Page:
# Rules For Significant Digits

## Presentation on theme: "Rules For Significant Digits"— Presentation transcript:

Rules For Significant Digits
Digits from 1-9 are always significant. Zeros between two other significant digits are always significant One or more additional zeros to the right of both the decimal place and another significant digit are significant. Zeros used solely for spacing the decimal point (placeholders) are not significant.

All non-zero digits are always significant.
EXAMPLES # OF SIG. DIG. 453 kg 3

Zeros between 2 significant digit are significant.
EXAMPLES # OF SIG. DIG. 5057 L 4

Additional zeros to the right of decimal and a significant digit are significant.
EXAMPLES # OF SIG. DIG. 5.00 3 5 2.0010

Placeholders are not significant
EXAMPLES # OF SIG. DIG. 0.007 1 5000 1

Multiplying and Dividing
RULE: When multiplying or dividing, your answer may only show as many significant digits as the multiplied or divided measurement showing the least number of significant digits. We look to the original problem and check the number of significant digits in each of the original measurements: Example: When multiplying cm x 3.10 cm x cm = cm3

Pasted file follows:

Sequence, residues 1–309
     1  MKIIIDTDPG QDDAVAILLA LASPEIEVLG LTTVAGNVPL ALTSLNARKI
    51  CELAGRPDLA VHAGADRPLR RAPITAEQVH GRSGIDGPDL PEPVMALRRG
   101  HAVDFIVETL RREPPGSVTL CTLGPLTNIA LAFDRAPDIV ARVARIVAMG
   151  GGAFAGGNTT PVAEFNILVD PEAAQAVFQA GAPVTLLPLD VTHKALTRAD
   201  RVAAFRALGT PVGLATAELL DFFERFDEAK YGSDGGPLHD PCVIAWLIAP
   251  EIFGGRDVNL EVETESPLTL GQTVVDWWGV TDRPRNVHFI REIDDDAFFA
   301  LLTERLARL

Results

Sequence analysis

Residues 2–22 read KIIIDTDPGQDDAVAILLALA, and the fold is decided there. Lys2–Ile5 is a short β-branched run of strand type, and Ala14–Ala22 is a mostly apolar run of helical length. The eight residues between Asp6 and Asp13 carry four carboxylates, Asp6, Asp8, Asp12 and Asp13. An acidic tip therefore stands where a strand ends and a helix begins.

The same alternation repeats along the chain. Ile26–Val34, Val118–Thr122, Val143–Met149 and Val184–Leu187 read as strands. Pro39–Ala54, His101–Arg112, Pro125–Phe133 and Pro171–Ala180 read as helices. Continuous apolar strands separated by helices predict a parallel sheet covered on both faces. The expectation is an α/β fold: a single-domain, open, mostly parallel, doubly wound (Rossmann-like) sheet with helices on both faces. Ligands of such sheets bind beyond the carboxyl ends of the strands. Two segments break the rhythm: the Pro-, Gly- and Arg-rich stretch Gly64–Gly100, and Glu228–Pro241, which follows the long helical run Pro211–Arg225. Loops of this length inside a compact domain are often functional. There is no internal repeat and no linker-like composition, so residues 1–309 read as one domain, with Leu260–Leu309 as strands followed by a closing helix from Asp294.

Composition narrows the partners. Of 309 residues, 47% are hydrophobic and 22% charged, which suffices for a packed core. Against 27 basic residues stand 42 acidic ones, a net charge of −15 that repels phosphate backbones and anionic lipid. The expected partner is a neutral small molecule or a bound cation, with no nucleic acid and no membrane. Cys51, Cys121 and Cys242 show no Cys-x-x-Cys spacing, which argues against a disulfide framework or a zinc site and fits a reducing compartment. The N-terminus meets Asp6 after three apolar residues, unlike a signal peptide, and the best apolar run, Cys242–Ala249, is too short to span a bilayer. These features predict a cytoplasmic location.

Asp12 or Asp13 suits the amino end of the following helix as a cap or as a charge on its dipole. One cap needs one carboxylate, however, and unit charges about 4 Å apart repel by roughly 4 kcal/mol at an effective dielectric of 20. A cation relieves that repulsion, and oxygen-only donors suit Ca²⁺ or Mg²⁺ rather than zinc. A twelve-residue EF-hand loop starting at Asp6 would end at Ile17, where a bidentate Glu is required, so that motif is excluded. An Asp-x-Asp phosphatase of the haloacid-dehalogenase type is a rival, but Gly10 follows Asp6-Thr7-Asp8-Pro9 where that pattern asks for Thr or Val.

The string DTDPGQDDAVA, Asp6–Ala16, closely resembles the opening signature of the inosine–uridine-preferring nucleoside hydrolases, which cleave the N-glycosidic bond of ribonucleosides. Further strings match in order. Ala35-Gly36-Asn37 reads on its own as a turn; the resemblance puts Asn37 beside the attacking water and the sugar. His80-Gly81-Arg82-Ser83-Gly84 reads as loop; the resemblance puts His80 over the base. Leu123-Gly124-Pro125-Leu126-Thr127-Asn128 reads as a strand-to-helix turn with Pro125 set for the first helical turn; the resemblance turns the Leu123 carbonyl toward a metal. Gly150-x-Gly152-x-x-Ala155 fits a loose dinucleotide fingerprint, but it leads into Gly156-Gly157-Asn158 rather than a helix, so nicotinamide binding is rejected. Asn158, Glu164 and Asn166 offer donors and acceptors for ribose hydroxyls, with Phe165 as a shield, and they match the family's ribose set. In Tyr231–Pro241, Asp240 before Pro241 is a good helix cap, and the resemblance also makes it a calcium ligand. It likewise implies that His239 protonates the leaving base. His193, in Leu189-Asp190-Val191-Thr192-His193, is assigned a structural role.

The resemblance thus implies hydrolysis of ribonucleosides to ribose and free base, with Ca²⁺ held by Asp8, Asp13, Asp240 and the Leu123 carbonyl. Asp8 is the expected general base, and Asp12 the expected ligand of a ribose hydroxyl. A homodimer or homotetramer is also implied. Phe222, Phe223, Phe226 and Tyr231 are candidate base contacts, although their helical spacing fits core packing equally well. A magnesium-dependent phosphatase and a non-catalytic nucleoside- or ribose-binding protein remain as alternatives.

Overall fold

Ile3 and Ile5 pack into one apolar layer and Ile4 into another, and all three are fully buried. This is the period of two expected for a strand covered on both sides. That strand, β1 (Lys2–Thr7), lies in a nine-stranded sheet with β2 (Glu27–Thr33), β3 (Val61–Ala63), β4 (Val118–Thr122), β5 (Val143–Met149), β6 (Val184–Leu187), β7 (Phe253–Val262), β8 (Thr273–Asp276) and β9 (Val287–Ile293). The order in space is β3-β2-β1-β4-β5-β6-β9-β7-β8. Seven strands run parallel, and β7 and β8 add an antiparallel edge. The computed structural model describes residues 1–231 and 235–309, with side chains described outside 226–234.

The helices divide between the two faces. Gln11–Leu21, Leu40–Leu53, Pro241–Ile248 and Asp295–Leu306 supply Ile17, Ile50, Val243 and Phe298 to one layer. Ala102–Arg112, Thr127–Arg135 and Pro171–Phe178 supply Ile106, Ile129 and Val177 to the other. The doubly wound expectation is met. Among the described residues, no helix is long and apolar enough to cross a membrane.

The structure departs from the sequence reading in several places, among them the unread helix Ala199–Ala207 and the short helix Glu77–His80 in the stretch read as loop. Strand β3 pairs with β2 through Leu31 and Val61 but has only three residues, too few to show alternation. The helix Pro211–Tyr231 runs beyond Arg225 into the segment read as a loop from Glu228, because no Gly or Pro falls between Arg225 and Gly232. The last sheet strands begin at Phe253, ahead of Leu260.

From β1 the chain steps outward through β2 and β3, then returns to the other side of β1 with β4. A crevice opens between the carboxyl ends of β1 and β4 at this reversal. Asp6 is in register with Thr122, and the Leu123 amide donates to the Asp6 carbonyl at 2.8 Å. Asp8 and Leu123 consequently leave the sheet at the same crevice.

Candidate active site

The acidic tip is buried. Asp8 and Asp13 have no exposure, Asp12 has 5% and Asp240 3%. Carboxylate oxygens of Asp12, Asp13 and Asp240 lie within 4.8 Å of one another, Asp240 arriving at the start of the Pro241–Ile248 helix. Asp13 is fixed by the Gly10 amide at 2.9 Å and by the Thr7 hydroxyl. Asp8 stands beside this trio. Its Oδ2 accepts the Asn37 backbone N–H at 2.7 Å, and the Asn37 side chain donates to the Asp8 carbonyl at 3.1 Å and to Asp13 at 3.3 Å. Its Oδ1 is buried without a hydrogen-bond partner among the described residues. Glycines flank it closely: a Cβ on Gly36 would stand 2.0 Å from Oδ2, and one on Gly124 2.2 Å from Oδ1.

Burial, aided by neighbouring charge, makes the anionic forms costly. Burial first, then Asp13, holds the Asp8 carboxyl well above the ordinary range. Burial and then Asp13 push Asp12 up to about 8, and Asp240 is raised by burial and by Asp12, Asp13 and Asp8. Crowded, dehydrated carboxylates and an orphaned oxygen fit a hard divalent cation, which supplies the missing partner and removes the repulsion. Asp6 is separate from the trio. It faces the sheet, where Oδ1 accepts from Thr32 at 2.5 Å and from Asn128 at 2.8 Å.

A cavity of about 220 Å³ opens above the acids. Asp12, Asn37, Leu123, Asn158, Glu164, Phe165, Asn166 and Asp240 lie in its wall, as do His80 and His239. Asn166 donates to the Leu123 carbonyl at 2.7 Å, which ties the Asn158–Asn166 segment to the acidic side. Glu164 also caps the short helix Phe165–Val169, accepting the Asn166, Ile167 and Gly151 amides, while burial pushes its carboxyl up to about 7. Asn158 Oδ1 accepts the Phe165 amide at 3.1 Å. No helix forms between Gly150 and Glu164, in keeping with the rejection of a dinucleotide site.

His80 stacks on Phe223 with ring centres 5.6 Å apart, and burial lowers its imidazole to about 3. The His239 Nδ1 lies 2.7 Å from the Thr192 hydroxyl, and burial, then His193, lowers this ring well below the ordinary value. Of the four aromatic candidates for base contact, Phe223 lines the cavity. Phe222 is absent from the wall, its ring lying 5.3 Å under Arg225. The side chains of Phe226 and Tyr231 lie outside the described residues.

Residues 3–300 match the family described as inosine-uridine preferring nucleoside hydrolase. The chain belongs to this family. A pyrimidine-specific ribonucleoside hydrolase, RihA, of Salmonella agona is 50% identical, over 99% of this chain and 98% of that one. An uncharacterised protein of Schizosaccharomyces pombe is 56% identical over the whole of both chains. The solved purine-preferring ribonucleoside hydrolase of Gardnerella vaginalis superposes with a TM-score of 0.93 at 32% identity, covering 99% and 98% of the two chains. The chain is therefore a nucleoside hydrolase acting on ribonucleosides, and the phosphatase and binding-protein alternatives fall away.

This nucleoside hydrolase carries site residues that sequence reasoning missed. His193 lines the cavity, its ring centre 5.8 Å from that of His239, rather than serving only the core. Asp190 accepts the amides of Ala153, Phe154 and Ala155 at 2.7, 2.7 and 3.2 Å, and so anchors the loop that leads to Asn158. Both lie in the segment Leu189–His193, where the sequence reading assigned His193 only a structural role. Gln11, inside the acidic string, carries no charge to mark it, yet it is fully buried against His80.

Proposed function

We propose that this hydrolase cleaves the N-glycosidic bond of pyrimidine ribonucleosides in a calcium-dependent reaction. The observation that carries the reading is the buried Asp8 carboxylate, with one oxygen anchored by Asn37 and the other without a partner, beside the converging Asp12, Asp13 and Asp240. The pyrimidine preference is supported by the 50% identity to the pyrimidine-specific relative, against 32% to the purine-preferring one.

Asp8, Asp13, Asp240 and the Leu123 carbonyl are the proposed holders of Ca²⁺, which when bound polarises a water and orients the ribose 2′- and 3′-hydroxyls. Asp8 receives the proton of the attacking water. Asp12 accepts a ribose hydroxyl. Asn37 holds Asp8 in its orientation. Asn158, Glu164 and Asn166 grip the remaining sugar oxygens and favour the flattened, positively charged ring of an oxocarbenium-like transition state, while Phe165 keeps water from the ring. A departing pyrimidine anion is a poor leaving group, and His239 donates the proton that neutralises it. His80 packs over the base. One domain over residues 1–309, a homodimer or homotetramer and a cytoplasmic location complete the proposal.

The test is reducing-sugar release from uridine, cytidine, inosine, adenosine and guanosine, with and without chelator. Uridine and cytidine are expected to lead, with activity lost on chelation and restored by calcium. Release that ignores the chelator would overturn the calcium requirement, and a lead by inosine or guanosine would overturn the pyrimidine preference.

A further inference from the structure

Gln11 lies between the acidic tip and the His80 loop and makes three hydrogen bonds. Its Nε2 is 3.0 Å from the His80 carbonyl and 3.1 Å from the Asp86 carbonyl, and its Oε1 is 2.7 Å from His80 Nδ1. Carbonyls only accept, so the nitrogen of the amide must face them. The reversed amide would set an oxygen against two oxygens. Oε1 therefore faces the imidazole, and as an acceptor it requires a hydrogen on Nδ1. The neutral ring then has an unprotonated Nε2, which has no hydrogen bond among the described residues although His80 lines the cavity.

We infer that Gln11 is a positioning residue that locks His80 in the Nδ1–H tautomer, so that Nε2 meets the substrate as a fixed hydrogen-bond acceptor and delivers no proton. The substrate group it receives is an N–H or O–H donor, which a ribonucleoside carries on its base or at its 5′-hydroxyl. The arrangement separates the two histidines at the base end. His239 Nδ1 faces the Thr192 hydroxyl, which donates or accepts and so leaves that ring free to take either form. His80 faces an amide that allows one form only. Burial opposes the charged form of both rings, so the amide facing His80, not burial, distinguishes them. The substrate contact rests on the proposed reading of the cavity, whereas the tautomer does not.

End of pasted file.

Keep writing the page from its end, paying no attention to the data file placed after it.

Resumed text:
Multiplying and Dividing
We look to the original problem and check the number of significant digits in each of the original measurements: 22.37 shows 4 significant digits. 3.10 shows 3 significant digits. 85.75 shows 4 significant digits. Our answer can only show 3 significant digits because that is the least number of significant digits in the original problem.

Multiplying and Dividing
First solve Problem: 13.7 x 2.5 = 34.25 Next - determine # of significant digits: 2 significant Digits Next – Round off answer to the number of significant digits: 34

RULE: When adding or subtracting your answer can only show as many decimal places as the measurement having the fewest number of decimal places. We look to the original problem to see the number of decimal places shown in each of the original measurements. Example: When we add 3.76 g g g = g